WESTERN Australia has put up its hand to have a team in the inaugural season of a proposed national women's competition. 

AFL chief executive Gillon McLachlan has made no secret of his desire to start a national women's league, and WA wants to be a part of it.

"We certainly would and I think that's a great move by the AFL," Western Australian premier Colin Barnett told AFL.com.au.  

"There are around 200,000 women playing the game across Australia, and there are around 30,000 in Western Australia," he said.  

"If a national competition for women's football was developed, Western Australia, the state government and the teams here would certainly support that, we'd love to be a part of it." 

The growth of women's football cannot be ignored. 

This season there were two AFL sanctioned women's matches, with teams representing Melbourne and the Western Bulldogs.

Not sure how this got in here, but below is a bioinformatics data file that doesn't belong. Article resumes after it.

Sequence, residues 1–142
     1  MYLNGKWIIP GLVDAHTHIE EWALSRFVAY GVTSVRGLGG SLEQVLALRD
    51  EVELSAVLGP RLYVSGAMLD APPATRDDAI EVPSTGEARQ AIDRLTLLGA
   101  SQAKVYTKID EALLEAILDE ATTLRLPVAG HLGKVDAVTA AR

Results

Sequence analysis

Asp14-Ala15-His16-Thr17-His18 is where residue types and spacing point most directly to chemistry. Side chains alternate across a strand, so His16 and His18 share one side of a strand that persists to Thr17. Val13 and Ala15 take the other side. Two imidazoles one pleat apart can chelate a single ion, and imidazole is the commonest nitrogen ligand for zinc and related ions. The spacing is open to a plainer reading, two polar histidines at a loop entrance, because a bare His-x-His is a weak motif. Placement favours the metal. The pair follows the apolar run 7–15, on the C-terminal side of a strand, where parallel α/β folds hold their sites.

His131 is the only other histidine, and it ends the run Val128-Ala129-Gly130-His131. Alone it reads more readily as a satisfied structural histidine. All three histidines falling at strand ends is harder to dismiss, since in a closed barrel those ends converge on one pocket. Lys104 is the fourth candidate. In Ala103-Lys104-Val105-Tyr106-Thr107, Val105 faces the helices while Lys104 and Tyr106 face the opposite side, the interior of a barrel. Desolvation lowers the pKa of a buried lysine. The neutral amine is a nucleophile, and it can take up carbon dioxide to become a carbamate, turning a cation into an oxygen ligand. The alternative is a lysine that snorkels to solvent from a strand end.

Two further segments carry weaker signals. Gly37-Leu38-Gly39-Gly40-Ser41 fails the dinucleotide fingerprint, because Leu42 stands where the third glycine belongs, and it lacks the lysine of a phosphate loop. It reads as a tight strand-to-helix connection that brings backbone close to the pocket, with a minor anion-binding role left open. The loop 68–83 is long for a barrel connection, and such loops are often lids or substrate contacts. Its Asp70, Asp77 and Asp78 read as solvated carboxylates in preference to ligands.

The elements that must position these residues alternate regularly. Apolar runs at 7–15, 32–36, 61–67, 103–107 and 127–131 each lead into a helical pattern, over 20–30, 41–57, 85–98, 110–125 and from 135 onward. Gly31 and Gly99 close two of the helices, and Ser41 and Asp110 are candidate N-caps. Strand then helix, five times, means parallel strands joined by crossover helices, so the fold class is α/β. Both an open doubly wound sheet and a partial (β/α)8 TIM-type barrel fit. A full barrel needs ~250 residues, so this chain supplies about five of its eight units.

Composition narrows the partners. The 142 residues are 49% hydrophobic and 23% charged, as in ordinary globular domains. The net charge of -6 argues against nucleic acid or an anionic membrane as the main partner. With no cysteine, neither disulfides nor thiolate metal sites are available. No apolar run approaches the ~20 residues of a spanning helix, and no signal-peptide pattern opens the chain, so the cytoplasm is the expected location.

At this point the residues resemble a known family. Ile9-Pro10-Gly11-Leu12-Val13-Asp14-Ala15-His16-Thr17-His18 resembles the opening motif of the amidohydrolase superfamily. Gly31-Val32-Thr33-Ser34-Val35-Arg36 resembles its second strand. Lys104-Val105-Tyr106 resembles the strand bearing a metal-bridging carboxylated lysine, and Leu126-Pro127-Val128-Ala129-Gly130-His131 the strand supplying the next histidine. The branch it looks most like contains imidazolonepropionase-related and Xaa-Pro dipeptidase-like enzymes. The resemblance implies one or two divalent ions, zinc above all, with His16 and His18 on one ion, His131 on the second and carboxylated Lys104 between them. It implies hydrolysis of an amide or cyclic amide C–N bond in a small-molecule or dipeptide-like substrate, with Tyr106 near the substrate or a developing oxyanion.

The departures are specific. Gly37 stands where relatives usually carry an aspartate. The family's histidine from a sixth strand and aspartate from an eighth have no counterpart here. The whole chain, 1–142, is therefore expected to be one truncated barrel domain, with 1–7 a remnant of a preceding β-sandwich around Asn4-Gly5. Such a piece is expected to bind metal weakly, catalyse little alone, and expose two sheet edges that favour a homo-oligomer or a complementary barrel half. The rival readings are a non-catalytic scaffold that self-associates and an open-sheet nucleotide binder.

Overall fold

The second of the two matches made history, televised on Channel 7 to a national audience that more than held its own against regular AFL fixtures. 

Mr Barnett thinks it's unlikely WA could sustain two women's teams – one aligned to West Coast and another to Fremantle – from the League's inception.

But the WA premier is certainly up for the conversation.

"That might be a step away, but I think probably a Western Australian team (to start with). 

"I think in time you might have every AFL side having a women's team. 

McLachlan is on the record saying he wants a national women's competition in place by 2020, but his best-case scenario has a new league underway three years earlier in 2017.